The Indian Council of Medical Research on Thursday said all samples taken to monitor the presence of community transmission of the novel coronavirus have tested negative. The health research body is the nodal authority for screening patients for COVID-19 in India. So far, 167 people have been infected in India, four of whom have died.
A sentinel surveillance to detect community transmission of COVID-19 was initiated by the council on February 15, the medical research council said in a statement. “The surveillance sites have been scaled up from 16 sites till February 29 to 51 sites by March 15,” it added. “Till date [Thursday], a total of 826 samples of the people suffering from severe acute respiratory infection /influenza like illnesses have been tested at the sites. However, none of the samples tested positive.”
According to the guidelines issued by the Ministry of Health and Family Welfare, those with severe acute respiratory illnesses who require hospitalisation and whose condition cannot be explained by any other cause, even if they do not have travel and contact history, are considered “suspect cases” for COVID-19.
“We did random sampling study of community transmission of about 820 samples from 50 sites,” said Indian Council of Medical Research Director General Balram Bhargava. “They have come negative. According to this study, the community spread [of the virus] has not happened.”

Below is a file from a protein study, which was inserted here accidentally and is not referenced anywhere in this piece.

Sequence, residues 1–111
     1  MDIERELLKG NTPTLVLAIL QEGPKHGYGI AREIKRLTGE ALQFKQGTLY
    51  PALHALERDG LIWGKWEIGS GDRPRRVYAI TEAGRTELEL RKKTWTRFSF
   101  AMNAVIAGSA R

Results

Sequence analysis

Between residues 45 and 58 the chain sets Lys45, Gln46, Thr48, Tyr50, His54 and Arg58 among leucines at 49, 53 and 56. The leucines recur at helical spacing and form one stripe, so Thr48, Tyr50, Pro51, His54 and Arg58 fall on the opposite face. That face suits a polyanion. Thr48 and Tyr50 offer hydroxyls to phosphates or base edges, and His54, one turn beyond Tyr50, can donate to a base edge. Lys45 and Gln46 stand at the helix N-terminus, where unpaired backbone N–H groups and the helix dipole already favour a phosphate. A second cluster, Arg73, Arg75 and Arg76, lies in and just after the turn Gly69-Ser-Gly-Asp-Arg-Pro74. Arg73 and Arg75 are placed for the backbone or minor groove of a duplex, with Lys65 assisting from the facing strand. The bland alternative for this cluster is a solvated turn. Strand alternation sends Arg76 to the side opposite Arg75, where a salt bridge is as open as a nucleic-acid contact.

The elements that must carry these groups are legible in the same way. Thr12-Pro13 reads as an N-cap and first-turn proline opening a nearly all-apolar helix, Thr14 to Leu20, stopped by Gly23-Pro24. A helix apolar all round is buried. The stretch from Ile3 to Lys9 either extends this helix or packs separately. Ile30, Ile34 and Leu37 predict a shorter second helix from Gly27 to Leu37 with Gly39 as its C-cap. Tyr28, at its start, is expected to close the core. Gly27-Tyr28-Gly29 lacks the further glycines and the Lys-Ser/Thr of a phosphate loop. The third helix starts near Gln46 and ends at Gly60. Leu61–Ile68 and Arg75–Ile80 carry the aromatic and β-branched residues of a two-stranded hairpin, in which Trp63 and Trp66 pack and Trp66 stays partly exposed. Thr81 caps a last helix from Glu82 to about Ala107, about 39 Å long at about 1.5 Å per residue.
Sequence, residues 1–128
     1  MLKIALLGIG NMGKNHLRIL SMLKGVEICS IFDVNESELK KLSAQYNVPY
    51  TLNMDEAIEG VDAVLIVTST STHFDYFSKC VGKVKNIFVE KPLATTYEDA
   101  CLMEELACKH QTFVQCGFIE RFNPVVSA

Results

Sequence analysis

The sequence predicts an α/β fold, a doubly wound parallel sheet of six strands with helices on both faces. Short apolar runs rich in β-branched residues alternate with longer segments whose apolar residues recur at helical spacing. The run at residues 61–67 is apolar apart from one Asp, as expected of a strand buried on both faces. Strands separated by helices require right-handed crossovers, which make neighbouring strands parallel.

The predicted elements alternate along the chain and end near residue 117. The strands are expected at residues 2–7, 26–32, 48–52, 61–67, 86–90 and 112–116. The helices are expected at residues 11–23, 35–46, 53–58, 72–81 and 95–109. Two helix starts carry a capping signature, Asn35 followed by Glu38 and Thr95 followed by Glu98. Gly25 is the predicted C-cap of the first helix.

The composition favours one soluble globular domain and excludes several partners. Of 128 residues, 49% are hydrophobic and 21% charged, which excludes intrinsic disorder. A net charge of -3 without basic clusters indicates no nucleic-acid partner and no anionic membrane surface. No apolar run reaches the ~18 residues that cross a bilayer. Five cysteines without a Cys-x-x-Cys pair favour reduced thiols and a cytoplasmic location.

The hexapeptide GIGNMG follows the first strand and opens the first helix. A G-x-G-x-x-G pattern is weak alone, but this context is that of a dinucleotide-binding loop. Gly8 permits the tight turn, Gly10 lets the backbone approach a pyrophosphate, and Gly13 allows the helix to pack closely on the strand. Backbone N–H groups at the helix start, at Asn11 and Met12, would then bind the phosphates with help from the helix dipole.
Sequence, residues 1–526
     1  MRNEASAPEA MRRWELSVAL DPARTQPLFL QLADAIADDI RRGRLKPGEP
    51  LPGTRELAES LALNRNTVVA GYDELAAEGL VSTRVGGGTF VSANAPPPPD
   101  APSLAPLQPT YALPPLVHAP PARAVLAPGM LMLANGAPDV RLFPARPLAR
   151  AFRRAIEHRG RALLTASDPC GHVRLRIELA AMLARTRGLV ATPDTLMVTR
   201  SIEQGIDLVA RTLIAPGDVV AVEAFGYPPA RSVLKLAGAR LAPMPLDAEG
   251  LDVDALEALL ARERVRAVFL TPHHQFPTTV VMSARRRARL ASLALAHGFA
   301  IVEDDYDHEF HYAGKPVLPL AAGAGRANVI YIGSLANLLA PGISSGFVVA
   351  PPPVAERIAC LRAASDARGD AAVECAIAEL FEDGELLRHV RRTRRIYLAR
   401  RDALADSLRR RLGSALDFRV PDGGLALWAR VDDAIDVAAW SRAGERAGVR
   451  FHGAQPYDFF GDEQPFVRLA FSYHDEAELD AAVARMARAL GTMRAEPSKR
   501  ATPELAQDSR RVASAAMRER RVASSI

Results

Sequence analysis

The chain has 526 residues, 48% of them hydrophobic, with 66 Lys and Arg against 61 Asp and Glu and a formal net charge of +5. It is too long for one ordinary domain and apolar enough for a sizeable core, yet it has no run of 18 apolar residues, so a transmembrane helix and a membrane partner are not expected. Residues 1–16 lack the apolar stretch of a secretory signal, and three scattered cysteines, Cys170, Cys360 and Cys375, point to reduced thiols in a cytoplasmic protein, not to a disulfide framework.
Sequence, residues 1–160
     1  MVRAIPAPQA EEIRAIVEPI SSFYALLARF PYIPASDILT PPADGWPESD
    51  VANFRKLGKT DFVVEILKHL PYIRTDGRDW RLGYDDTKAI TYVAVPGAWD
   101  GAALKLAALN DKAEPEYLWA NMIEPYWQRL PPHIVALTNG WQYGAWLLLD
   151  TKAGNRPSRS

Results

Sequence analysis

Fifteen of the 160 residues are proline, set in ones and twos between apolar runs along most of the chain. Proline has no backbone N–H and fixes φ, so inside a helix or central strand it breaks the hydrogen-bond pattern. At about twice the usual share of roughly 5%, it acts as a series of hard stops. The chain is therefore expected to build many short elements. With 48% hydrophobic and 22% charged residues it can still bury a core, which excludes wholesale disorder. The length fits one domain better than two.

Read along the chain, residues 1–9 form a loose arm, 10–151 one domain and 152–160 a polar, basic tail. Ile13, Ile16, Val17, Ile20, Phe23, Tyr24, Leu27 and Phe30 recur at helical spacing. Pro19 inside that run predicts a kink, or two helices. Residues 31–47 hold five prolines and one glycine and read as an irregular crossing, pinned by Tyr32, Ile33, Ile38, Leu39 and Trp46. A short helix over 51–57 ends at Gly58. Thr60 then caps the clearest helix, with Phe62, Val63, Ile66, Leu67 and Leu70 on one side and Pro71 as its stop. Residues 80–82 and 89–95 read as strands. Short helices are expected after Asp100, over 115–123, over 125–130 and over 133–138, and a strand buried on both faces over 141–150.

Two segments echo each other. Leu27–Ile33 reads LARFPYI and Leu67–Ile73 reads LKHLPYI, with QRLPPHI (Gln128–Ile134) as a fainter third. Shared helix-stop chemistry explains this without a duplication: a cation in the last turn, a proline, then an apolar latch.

The medical body said that in view of the evolving nature of COVID-19, the disease caused by coronavirus, it will expand its surveillance on cases of community transmission to include a wider range of areas, with emphasis on regions where cases of the infection have been previously reported.
Community transmission is said to take place when the source of infection for a large number of cases in an area cannot be traced: when individuals pick up the infection without having travelled to countries where the virus is circulating or having been in contact with known confirmed cases.
The health ministry in a press conference on March 12 had claimed that India has not experienced any community transmission of the coronavirus. “Luckily for India, we do not have community transmission,” said Lav Agarwal, joint secretary in the health ministry. “We have only a few cases that have come from outside and have primarily infected their family members.”
The country had tested fewer than 6,000 people until March 13: just five tests per million people compared to more than 4,000 tests per million in South Korea.